The UK and its allies in the Five Eyes security alliance have warned of the threat posed by China and other nation-state-backed hackers to intellectual property, with one security chief describing China’s cyber operations as the “most sustained scaled and sophisticated” attempt to steal IP in history.
Mike Burgess, director general of the Australian Security Intelligence Organisation, made his comments at a joint event in the US. It is thought to be the first time the group has jointly called out China over its cyber espionage activities.
Five Eyes warning on China IP theft
Heads of cybersecurity from the Five Eyes nations – the UK, US, Australia, Canada and New Zealand – shared the stage at the Hoover Institution, Stanford University, yesterday to launch five principles businesses should embrace to protect themselves against threats to their IP.
While the guidance is aimed at all nation-state-backed hackers, it was clearly designed with Chinese cybercriminals in mind. Speaking to reporters, Burgess said this was because of the size of the threat posed by Beijing’s hacking army.
“The Chinese government is engaged in the most sustained scaled and sophisticated theft of intellectual property and expertise in human history,” Burgess said, adding that its efforts go “well beyond traditional espionage”.
Christopher Wray, director of the FBI, also weighed in, describing the threat posed by China as “unprecedented”. He said: “China has long targeted businesses with a web of techniques all at once: cyber intrusions, human intelligence operations, seemingly innocuous corporate investments and transactions.
“Every strand of that web had become more brazen, and more dangerous.”
As reported by Tech Monitor, in May the Five Eyes nations issued a joint warning about Chinese government-backed hackers targeting critical infrastructure in the US and around the world.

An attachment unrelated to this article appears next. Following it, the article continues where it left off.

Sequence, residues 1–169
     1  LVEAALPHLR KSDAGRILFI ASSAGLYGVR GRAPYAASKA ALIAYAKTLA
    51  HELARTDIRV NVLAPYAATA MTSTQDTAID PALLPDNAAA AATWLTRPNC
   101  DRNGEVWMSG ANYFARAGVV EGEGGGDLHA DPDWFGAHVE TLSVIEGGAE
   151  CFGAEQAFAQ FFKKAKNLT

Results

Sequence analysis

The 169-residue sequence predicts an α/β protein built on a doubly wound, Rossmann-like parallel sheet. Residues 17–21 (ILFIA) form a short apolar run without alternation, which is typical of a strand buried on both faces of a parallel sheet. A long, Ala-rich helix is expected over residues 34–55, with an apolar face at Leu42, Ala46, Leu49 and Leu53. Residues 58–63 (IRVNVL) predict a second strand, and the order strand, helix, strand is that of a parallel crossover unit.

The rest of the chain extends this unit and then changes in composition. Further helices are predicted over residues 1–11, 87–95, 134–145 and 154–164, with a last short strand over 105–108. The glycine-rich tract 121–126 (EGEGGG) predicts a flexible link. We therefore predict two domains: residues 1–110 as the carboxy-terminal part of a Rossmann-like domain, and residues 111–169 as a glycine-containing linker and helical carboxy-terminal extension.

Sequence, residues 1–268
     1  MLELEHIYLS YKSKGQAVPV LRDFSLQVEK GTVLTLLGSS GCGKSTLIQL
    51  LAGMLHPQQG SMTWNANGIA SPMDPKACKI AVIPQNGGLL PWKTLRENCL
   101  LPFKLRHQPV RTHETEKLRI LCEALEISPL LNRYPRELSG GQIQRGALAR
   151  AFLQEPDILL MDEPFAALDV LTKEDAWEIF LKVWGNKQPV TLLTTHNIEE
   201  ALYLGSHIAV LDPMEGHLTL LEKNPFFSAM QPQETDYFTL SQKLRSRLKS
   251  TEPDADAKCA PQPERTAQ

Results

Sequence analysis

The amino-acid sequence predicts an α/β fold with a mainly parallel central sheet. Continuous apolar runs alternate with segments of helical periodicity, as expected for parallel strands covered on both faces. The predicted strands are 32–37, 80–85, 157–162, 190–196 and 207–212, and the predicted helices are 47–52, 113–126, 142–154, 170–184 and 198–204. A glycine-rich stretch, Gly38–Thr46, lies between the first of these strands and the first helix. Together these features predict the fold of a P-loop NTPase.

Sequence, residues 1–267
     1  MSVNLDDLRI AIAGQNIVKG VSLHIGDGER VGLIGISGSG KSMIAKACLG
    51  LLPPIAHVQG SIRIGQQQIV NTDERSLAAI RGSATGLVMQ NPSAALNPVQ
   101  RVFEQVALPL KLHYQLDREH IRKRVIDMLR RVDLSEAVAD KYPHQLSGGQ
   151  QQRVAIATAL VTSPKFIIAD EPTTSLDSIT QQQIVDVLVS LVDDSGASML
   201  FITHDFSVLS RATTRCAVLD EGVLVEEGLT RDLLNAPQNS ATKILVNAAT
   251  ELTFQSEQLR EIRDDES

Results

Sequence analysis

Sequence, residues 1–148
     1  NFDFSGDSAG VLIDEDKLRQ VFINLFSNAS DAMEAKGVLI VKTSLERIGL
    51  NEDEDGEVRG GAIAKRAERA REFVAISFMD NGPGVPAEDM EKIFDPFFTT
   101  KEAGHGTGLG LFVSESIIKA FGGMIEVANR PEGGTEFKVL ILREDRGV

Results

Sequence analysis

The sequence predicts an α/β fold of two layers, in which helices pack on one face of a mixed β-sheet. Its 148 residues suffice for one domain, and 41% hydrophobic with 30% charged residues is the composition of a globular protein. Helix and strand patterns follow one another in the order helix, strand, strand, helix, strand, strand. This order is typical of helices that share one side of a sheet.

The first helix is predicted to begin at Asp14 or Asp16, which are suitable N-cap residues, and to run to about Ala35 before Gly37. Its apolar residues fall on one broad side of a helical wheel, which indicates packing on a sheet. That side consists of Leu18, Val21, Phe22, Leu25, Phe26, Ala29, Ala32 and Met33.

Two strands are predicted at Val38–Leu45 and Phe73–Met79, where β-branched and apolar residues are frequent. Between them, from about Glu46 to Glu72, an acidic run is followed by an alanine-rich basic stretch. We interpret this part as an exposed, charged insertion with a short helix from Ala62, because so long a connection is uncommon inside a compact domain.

Burgess and Wray were speaking after meeting with businesses in Silicon Valley to discuss the impact of IP theft on the industry.
Tech Monitor has contacted the Chinese government for comment, but in a statement to Reuters, a spokesperson for China’s embassy in Washington DC said: “We firmly oppose.. the groundless allegations and smears towards China and hope the relevant parties can view China’s development objectively and fairly.”
What tech leaders can do to protect their IP
The UK is tackling IP theft with a new organisation, the National Protective Security Agency (NSPA), which was set up earlier this year and works with other government agencies to provide advice and training to any organisations that hold key intellectual property or run critical national infrastructure.
In addition to the five principles, the UK has published new ‘secure innovation’ guidance, that explains practical steps that small and medium-sized businesses and other organisations can take to bolster their protections against the threats posed by other states as well as from criminals and even competitors.
Targeted at start-ups and spinouts developing cutting-edge technology, the advice includes a guide to help those without extensive security expertise take the first steps to keep their innovations safe. It offers information on proportionate physical, cyber and personnel security arrangements, and covers areas including investments, supply chains, travel, IT networks and cloud computing.
All of the Five Eyes countries have seen a “sharp rise in aggressive attempts by other states to steal competitive advantage”, MI5 director general Ken McCallum said.
“This contest is particularly acute on emerging technologies; states which lead the way in areas like artificial intelligence, quantum computing and synthetic biology will have the power to shape all our futures,” McCallum said. “We all need to be aware, and respond, before it’s too late.”